He is no Sergio Ramos but James Ward-Prowse is making an unlikely case for becoming English football’s master of the dark arts.
The sly Saint was spotted scuffing up the spot before Birkir Bjarnason ballooned his late penalty off the island, securing England’s narrow win.
Ward-Prowse’s antics went viral and Roy Keane accused him of ‘cheating’ but Ian Wright saluted the Southampton midfielder’s ‘devilment.’
And the barrister’s son was happy to confess to adding an edge to his game that could only be described as unsportsmanlike.
He said: “At club level, we maybe had the reputation of being a bit too nice and we have maybe had to show a bit of that darker side to help us win games.
“I think it is something I have learned along the way and it has added to my game. It is an important factor in the modern game.”
Wright certainly seems to think so. The former Arsenal striker responded to Keane’s disapproval by saying: “I don’t mind that from an England player, I like that devilment about him. If that happens in a major competition and England get something from it, I’m not going to complain.”
And Ward-Prowse, 25, admitted his scraping at the turf was a deliberate act of gamesmanship. He said: “It wasn’t any digging…it was more just delaying the penalty. It was a mad few minutes.
“We’d just scored what we thought was the winning goal and then we faced the penalty so it was more a delaying tactic just for everyone to get their heads together and prepare for the penalty. Thankfully it went in our favour.”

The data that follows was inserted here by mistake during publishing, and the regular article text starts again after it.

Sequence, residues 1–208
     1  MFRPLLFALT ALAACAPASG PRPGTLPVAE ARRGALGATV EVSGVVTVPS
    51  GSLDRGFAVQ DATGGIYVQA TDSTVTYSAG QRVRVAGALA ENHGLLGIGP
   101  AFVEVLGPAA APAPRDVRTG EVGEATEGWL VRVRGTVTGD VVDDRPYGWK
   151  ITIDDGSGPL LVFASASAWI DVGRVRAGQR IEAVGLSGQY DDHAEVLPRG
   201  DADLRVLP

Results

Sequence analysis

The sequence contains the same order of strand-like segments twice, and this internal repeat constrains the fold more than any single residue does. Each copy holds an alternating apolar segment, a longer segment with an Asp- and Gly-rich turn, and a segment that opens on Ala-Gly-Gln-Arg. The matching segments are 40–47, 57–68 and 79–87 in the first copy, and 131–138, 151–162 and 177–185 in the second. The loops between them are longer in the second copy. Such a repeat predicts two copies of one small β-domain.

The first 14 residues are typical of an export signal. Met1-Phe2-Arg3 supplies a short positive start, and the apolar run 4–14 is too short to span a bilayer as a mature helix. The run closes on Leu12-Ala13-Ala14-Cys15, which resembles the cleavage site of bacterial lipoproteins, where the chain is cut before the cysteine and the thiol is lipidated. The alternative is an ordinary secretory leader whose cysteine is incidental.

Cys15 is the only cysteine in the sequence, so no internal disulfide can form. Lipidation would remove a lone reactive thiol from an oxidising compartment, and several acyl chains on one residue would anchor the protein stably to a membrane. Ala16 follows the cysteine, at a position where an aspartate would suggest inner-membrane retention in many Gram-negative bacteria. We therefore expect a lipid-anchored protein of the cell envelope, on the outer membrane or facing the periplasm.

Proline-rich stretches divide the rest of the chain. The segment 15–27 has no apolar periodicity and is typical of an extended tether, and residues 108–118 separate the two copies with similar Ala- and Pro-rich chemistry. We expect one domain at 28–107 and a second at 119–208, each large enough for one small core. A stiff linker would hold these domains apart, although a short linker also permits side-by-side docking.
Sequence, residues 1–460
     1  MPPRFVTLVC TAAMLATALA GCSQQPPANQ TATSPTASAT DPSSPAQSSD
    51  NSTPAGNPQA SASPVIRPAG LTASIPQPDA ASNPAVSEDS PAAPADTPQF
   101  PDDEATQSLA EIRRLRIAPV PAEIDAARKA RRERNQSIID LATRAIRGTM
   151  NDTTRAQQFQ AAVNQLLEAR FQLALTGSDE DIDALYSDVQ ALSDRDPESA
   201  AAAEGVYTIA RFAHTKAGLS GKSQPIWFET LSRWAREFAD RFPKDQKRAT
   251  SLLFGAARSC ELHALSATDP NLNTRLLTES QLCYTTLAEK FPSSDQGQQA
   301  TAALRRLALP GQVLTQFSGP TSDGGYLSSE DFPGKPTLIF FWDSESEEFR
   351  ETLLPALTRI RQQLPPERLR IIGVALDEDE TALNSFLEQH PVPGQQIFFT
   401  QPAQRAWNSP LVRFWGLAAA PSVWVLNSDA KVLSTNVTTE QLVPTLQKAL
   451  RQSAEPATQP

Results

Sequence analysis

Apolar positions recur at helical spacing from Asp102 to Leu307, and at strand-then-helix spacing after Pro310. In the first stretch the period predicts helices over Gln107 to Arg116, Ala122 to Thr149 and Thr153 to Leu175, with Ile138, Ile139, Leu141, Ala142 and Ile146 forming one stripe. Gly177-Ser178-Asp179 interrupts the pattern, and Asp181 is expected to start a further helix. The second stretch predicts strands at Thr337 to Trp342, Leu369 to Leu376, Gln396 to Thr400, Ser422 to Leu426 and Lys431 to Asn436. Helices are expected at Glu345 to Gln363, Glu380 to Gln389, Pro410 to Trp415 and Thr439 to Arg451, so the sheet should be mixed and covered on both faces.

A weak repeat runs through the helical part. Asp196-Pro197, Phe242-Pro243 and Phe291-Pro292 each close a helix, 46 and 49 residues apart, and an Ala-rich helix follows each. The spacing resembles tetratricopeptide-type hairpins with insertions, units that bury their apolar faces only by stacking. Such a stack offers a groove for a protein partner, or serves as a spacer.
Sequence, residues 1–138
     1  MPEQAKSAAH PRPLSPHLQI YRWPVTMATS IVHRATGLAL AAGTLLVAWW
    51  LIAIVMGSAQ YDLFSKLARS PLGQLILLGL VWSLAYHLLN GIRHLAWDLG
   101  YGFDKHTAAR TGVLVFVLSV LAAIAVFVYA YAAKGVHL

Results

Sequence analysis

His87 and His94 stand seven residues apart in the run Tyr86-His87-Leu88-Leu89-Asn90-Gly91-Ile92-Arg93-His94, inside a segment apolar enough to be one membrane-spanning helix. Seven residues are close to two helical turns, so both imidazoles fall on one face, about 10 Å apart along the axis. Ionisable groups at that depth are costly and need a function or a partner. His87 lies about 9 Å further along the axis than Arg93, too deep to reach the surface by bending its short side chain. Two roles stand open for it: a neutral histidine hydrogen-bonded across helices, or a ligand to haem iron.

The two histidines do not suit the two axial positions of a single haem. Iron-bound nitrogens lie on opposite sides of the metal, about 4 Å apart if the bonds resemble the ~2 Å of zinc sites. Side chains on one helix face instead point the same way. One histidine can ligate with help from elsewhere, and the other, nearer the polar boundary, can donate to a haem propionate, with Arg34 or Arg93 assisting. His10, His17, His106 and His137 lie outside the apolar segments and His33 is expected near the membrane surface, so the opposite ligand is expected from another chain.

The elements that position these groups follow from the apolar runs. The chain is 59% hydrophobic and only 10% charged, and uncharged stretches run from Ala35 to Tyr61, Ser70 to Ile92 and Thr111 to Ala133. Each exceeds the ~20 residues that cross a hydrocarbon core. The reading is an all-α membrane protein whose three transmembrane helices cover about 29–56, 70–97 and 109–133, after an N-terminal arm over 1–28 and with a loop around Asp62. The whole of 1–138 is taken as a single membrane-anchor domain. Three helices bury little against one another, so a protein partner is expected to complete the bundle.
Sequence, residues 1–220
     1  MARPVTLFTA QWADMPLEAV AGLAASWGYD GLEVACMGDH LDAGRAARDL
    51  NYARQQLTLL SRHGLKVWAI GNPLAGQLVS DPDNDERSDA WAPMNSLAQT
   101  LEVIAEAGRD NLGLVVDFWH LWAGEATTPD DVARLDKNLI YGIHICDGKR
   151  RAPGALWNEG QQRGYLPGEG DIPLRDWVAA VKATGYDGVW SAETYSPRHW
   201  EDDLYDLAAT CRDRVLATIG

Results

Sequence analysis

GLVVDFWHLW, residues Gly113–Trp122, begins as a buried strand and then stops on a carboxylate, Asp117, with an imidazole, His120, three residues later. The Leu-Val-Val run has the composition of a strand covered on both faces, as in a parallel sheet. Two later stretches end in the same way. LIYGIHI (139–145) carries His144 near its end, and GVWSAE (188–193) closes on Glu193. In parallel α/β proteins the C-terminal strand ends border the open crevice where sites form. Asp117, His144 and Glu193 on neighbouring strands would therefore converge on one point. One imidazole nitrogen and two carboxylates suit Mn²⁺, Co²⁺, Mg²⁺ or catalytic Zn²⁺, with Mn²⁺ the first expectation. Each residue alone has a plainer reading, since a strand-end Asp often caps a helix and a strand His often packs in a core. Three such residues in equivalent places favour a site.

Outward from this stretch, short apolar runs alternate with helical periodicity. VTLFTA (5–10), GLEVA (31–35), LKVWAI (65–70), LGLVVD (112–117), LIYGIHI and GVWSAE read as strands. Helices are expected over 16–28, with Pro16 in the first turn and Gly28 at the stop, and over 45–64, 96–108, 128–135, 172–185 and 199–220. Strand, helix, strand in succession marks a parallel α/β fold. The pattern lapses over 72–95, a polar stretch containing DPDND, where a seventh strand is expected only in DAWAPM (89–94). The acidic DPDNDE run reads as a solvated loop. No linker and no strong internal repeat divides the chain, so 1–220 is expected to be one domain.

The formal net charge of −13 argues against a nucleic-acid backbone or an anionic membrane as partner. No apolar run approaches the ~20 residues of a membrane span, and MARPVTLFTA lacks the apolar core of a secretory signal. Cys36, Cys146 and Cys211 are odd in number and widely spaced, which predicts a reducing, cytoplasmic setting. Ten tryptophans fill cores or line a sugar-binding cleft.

While Bjarnason and his woeful technique were undoubtedly the chief culprits in Iceland squandering the chance of a draw, Ward-Prowse’s antics again demonstrated a relatively newly-found streetwise element to his game.
He has been involved in a running feud with Wilfried Zaha, having been accused of helping to get the Crystal Palace man sent off in a fixture at St Mary’s in January 2019 and of celebrating his dismissal. Zaha was then so riled by Ward-Prowse in a game at Selhurst Park earlier this year, he appeared to try and poke him in the eye.
Ward-Prowse later made a gesture involving his shorts that suggested he thought he had Zaha in his pocket. In that match, Ralph Hasenhuttl’s team came out on top and it was another example of the win-at-all-costs mentality that Ward-Prowse is developing at St Mary’s.
He went on: “I think the manager (Hasenhuttl) showed me sides of my game which weren’t suitable for his style of play and we had an honest conversation about him wanting to see me be more aggressive and to be better against the ball.
“I love the way he plays, I wanted to be part of that and I knew that I had to go away and work hard at it. That side of the game has definitely come into it. I think with Southampton, people generally think it’s a ‘nice’ club. But I think we have added a different side to our game.”
Ward-Prowse, once the ‘nice’ young man of Premier League football, has certainly added a different side to his.